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Broadwell is here: Intel officially launches 5th Generation Core processors

Broadwell officially arrives at CES 2015, with 14 new CPUs for home and business

Intel has used the CES 2015 show in Las Vegas to officially herald the arrival of its 5th Generation Core processor architecture, otherwise known as Broadwell. 5th Generation Core is arriving today as a line-up of 14 new processors for home and business users, split across 15w models with Intel HD graphics and 28w models with Iris graphics.

First teased back at IDF in 2013, Broadwell is the first Intel Core processor to be manufacturered on a 14nm process. The entire range consists of dual-core, four-thread CPUs ranging from 1.5GHz to 3.1GHz, with Turbo Boost speeds of up to 3.4GHz. The 15w range includes the Core i7 5650U, 5600U, 5550U and 5500U, Core i5-5350U, 5300U, 5250U and 5200U, Core i3-5010U and 5005U, Pentium 3805U, and the Celeron 3755U and 3205U. The more powerful 28w range consists of the Core i7-5557U, Core i5-5287U and 5257U, and Core i3-5157U. The U designation indicates ultra-low voltage, meaning they will be best suited to Ultrabook laptops, hybrid devices and even high-end tablets.

Compared to the outgoing 4th Generation Core CPUs, 5th Gen Core has 35% more transistors (1.3billion versus 0.96bn) and a 37% smaller die size (82mm2 vs 131mm2). These changes, along with a multitude of under the hood improvements and optimisations, have led to a 90 minute boost to battery life in portable devices when watching Full HD video, a 22% increase to frame rates in games and up to 50% faster video conversion rates.

HD Graphics 5500, HD Graphics 6000 and Iris Graphics 6100 all represent a jump in GPU performance for Intel chips, gaining support for DirectX 11.2, OpenGL 4.3, OpenCL 2.0 and compatibility with DirectX 12 when it arrives. Able to connect to 4K Ultra HD displays at 3,840×2,160, either wired or wirelessly, with improved support for HEVC video decoding, both games and multimedia playback will benefit from the upgrade.

Broadwell is also bringing improvements to connectivity and user interaction as well as performance boosts. WiDi, Intel’s proprietary wireless display technology, has been optimised for 5th Generation Core, with support for full screen DirectX 9 or DirectX 11 games, user privacy controls for business and support for 4K resolutions. The Actiontec Mini2 HDMI adapter will let you add WiDi support to any HDMI-equipped display, and should only set you back $39.99 (roughly £30 here in the UK).

RealSense technology will use integrated cameras to “see” in 3D, scanning objects for editing and 3D printing, separate objects from backgrounds in real time for creating green screen effects in videos without actually having a green screen, and control objects in 3D space with gestures, hand movements or facial expressions. We have yet to put these bold claims to the test to see how they perform in real life, but if they work smoothly it could certainly be a useful tool for designers and 3D graphics professionals, as well as those with disabilities.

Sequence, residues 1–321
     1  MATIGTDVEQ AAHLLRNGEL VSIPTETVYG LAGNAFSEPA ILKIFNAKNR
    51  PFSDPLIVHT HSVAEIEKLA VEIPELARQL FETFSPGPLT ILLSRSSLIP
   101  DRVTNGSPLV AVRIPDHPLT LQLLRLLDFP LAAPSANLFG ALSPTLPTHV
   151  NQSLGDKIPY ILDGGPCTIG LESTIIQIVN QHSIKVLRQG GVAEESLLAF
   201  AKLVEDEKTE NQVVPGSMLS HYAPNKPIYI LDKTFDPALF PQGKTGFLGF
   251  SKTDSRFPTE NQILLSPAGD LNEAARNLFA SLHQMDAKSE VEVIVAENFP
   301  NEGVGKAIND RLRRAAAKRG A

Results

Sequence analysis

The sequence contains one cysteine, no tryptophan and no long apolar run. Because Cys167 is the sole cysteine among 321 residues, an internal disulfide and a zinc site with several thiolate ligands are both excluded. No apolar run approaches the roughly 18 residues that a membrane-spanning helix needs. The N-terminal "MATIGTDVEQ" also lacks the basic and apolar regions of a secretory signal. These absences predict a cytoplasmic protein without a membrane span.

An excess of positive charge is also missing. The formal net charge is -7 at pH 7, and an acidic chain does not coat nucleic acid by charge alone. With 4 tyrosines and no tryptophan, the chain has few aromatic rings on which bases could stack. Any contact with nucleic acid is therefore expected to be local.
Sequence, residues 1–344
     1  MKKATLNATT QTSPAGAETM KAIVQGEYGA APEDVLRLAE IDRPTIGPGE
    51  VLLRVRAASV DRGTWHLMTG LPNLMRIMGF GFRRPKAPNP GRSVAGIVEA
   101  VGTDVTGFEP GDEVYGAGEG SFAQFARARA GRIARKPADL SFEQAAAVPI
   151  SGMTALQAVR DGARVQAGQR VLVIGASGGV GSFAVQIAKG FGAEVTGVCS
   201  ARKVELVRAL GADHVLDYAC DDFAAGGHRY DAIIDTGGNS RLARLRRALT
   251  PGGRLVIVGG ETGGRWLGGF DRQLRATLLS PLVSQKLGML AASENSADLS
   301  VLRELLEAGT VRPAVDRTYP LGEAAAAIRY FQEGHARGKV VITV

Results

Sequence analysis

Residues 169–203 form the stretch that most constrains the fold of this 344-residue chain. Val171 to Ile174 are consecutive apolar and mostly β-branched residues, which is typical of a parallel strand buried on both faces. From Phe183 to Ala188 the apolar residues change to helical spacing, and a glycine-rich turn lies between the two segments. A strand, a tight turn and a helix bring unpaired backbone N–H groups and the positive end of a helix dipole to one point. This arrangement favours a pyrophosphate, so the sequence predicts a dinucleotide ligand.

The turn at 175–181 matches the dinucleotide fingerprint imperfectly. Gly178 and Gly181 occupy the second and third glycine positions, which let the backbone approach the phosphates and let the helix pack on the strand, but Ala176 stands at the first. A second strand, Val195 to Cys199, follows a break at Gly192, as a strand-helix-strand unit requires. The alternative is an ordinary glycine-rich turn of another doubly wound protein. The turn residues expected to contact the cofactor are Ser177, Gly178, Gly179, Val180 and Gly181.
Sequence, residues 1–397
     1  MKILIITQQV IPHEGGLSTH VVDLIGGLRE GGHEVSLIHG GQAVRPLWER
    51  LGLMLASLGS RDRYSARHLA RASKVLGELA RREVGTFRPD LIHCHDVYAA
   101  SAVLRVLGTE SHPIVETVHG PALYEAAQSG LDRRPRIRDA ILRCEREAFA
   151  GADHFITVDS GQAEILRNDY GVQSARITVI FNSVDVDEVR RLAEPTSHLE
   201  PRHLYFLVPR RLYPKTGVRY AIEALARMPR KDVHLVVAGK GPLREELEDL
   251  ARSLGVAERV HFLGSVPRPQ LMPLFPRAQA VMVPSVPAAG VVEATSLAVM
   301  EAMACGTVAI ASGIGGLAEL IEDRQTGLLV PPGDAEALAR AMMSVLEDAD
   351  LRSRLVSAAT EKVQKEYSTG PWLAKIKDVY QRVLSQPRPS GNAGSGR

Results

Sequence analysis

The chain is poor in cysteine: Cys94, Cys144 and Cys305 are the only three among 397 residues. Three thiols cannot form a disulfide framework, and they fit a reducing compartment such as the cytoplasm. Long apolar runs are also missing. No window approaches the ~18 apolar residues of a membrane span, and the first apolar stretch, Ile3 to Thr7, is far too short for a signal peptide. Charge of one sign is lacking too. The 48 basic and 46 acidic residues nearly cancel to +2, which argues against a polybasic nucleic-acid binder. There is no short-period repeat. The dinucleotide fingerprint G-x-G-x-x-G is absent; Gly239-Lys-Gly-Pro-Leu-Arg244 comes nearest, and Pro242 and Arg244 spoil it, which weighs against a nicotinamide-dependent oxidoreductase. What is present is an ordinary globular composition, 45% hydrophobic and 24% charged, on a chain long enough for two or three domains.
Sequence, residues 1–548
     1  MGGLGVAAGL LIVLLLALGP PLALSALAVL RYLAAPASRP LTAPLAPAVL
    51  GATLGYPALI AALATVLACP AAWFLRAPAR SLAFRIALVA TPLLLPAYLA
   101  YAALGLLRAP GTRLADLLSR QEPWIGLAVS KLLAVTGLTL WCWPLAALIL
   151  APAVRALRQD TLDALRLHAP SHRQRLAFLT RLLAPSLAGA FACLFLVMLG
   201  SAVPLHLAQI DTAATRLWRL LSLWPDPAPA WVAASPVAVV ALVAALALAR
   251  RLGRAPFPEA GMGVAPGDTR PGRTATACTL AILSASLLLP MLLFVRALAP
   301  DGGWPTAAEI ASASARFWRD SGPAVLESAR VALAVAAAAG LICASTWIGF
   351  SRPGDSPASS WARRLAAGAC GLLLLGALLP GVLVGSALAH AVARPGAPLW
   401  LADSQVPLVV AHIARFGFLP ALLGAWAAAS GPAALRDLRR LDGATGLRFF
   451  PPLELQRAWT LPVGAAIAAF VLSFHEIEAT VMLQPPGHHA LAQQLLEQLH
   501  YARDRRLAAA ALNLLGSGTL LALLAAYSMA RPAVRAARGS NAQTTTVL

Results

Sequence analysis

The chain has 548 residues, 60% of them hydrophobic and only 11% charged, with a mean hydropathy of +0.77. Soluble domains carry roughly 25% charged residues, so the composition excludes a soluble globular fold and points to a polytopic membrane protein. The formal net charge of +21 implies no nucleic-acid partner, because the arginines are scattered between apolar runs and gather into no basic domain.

Voice Assistant is the other big addition, which appears to let you control your PC with natural language voice phrases. You’ll be able to use it for dictation, searching the web, control basic PC functions, and integrate with iTunes, Spotify and Facebook, either online or offline. At launch Voice Assistant will support 6 languages, with four more due to be added later in the year.

The January Broadwell line-up will be primarily focused on laptops, Ultrabooks, 2-in-1 hybrids, low-power all-in-one PCs and premium tablets, so don’t expect any multiplier-unlocked K-series chips like the Haswell Core i5-4670k just yet. Intel expects sub-45w processors to launch for high-powered laptops and desktop PCs in mid-2015, which would make it one of the fastest rollouts for a new processor generation throughout the lifetime of the Core architecture. Intel has also suggested the first 5th Generation Core processors will appear in Chromebooks before the Summer too, although we’ll have to wait for the manufacturers themselves to make any announcements. 

We’re still waiting for the first 5th Generation Core-powered devices to arrive in our labs for testing, but Intel expects laptops, hybrids and all-in-one PCs to begin shipping in the coming weeks and months. As soon as we’re able to put Broadwell’s performance under the microscope, we’ll be sure to bring you all the details.

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